There is an inherent diversity and openness in Graham Fagen’s artistic and conceptual approach. He works in sculpture, drawing, photography, filmmaking, writing and text, neon, installation and performance. Although his works draw on varied references and embrace all manner of materials and media, they all, in some way, touch on the role of society, history and cultural turning points in the lives of both individuals and communities. Whether made for a gallery or in the public realm, Fagen’s works are frequently developed over time, involving the collaboration and participation of others.
Fagen’s points of departure include slavery, the cultural influences of music, nature and the symbolic power of flowers, urban planning and regeneration. A significant strand in his work has been the use of theatrical strategies, of which Peek-A-Jobby (1998) is an early example. Fagen cites a Shakespearean device, in which the pivotal act of a play, such as a murder, takes place off-stage, thereby using the audience’s imagination as an essential tool beyond the visual action of the drama. As well as combining two elements – a script and a stage set – Peek-A-Jobby relies on our decisions and imagination as we encounter it. We can read the play, visualise the story on the set and potentially become a ‘player’ ourselves. Exploring the lines that art bridges between reality and artifice, Peek-A-Jobby articulated ideas Fagen has developed in subsequent projects, including The Making of Us (2012) in which he collaborated with a theatre director and cinematographer to deconstruct the processes of staging and filmmaking.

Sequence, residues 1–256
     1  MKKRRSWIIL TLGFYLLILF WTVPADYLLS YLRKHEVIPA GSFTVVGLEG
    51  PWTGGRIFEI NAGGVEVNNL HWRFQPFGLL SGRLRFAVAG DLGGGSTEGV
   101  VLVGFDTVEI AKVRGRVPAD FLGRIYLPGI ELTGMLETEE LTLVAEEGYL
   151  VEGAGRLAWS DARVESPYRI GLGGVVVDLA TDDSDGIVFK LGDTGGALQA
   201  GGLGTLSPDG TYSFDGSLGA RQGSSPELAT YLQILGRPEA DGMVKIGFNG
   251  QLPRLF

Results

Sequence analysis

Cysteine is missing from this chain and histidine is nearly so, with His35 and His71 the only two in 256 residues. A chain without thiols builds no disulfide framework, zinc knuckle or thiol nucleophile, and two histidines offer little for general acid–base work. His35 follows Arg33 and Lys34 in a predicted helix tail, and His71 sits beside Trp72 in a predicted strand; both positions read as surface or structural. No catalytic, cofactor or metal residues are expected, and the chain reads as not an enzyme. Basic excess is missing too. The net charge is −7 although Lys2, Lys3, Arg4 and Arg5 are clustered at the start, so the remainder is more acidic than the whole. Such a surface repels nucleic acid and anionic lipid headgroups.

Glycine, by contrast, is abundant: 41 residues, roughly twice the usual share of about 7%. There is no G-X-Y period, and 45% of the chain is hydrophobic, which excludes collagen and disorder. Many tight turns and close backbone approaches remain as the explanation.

Elsewhere, Fagen has used his own experiences. In an unpublished 2011 essay, commissioned by the Mackintosh Museum at the Glasgow School of Art, he explored his conflicted attitude towards the architecture of the School and its architect Charles Rennie Mackintosh, whose imagery adorns souvenirs in shops across Scotland. The essay paved the way for an exhibition project at the Mackintosh Museum in 2014, in which Fagen considers the implications of Mackintosh’s drawing and its relationship to his own practice. In 2015 Fagen will represent Scotland at the Venice Biennale.